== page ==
November 2, 1996

Roy DeCarava: A Retrospective, LACMA - Los Angeles County Museum of Art

Roy DeCarava: A Retrospective
Los Angeles County Museum of Art
November 14, 1996 - January 26, 1997

The largest and most comprehensive survey ever devoted to the works of Roy DeCarava, one of the central figures in postwar American photography, opens at the Los Angeles County Museum of Art on November 14, 1996. Roy DeCarava: A Retrospective spans DeCarava's oeuvre, from his groundbreaking pictures of everyday life in Harlem, through the civil rights protests of the early 1960s, to recent lyrical studies of nature. The exhibition includes a generous selection of Roy DeCarava's landmark photographs of jazz legends Billie Holiday, Milt Jackson, John Coltrane, and many others.

Born in New York City in 1919, DeCarava is known as one of the leading American photographers of his generation. Roy DeCarava: A Retrospective spans nearly half a century of the artist's work through some 200 black-and-white photographs made from the late 1940s through the mid-1990s. Presented in chronological order, the exhibition will also explore continuities of style and theme by juxtaposing works that span decades.

On the occasion of the exhibition, Roy DeCarava stated, "Images and the making of images have been and are still central to me as a person and to my growth as an artist. Photography is the best way I know of to express my concerns and my values. Exhibiting and publishing the work are ways of sharing and confirm my belief in the power of art to illuminate and transform our lives."

Tim Wride, LACMA's assistant curator of photography, said, "The museum is very committed to collecting and exhibiting photography, and this exhibition is important because it shows the broadest possible range of an artist's trajectory through his personal discovery of photography and what is photographic through his use of that medium to evoke the emotions and passions that are so much a part of his life."

Roy DeCarava's gentle, intimate pictures of domestic life in Harlem were first published in 1955 in The Sweet Flypaper of Life, with text by poet Langston Hughes. Roy DeCarava made many of the pictures after winning a Guggenheim Fellowship in 1951--the first awarded to an African-American photographer--which allowed him to spend a full year photographing daily life in Harlem. The pictures brought a new gentleness and intimacy to photography, creating an image of everyday experience that is at once tender and unsentimental.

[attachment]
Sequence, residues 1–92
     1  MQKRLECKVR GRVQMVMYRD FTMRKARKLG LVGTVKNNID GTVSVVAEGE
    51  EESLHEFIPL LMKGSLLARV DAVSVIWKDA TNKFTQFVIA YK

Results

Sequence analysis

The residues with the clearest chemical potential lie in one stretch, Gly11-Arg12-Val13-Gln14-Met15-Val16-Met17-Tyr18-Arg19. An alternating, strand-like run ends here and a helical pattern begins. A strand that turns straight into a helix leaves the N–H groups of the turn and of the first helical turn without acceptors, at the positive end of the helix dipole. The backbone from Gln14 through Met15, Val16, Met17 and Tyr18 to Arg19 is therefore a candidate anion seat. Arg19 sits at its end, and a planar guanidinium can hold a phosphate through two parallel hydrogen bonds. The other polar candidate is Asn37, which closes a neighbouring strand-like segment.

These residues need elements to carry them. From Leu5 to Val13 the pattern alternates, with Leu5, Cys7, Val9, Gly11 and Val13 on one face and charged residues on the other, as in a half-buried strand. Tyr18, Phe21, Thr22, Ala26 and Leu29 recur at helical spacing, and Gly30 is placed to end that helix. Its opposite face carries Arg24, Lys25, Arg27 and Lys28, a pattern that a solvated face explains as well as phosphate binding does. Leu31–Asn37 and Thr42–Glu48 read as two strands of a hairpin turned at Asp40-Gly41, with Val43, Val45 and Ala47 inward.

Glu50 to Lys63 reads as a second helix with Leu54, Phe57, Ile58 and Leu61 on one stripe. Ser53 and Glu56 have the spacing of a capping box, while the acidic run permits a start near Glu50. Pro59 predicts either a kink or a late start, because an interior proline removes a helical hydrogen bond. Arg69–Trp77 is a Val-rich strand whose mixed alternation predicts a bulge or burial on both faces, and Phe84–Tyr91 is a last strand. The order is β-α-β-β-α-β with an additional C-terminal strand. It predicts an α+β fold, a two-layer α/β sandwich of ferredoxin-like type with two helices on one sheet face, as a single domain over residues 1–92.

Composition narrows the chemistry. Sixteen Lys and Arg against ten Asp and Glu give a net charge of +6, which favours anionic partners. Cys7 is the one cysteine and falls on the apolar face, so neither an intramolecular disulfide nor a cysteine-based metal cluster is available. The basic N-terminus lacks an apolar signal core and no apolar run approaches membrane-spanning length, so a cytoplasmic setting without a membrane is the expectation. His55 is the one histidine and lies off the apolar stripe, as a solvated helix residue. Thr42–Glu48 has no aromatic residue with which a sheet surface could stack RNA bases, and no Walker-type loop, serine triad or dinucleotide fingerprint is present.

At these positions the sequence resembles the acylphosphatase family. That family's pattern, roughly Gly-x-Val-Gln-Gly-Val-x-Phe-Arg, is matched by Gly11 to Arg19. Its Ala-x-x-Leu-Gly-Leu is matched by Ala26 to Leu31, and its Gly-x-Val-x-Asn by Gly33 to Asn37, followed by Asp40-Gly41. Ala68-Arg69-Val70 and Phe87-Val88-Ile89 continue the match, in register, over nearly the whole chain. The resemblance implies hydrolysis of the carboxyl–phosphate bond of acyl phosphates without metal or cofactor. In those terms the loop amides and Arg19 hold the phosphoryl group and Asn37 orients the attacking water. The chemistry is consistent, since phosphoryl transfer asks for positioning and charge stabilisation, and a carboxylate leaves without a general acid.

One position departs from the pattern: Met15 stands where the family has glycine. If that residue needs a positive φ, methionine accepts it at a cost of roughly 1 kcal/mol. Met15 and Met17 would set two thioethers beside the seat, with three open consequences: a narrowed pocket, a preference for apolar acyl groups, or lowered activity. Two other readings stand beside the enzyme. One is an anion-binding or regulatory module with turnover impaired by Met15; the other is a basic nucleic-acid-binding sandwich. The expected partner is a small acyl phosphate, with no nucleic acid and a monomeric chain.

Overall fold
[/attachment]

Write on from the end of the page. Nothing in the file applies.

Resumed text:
Trained as a painter and printmaker, Roy DeCarava turned to photography in the late 1940s and quickly mastered the vocabulary of the small, hand-held camera, which was rapidly becoming the hallmark of advanced American work.

Organized by The Museum of Modern Art, New York, the exhibition is arranged by recurrent theme and motif (as well as chronologically), and will include a number of pictures that have not been shown previously.

Exhibition Highlights In Man coming up subway stairs (1952), one of several subway pictures in the exhibition, an exhausted worker stands for all working men at the end of the day. Also exemplary of Roy DeCarava's metaphoric bent is Hallway (1953), in which an inhumanly narrow passage is described both as a haunting instance of "the economics of building for poor people" and as a thing of beauty.

In 1956 he embarked on an extensive series of jazz musicians. Many of the jazz pictures, such as Coltrane on soprano (1963), show individuals absorbed in the act of creation. Others, such as Billie Holiday and Hazel Scott at party (1957), are warm and affecting portraits. Together with photographs of Langston Hughes, Paul Robeson, Norman Lewis, and others, these portraits form an important body within Roy DeCarava's work.

In the early 1960s, Roy DeCarava's work grew more tough-minded in its response to racial discrimination, notably in pictures of laborers in New York's garment district and of civil rights protests. Mississippi freedom marcher, Washington, D.C. (1963), made at the historic March on Washington, exemplifies the photographer's instinct for isolating essential detail. Instead of attempting to encompass the vast event, Roy DeCarava's picture enters into the spirit of the March, distilling a collective determination and hope in the expression of a single face.

A life-long New Yorker, Roy DeCarava has tended to photograph close to home, making from his immediate environment the expansive world of his art. Within these parameters, his art has continued to evolve, as a group of pictures from the mid-1980s attests. Roy DeCarava's hand-camera style rejects artificial light as an intrusion upon experience and thus accepts deep shadow and blur as marks of authenticity. Beginning in 1985, Roy DeCarava elaborated this principle in pictures whose long exposures make the blur of motion an active stylistic device. In these photographs, the sensuousness that Roy DeCarava earlier had accorded to individual figures is transported to the overall field of the image.

LACMA coordinating curator: Tim B. Wride, assistant curator of photography.

Catalogue: Roy DeCarava: a Retrospective, by Peter Galassi, with an essay by Sherry Turner DeCarava; published by The Museum of Modern Art, New York; 280 pp., 237 photo reproductions; hardbound $60, softbound $29.95.

This exhibition, organized by The Museum of Modern Art, New York, and its accompanying publication were supported by a grant from Metropolitan Life Foundation. Additional funding was provided by Agnes Gund and Daniel Shapiro, and the National Endowment for the Arts.

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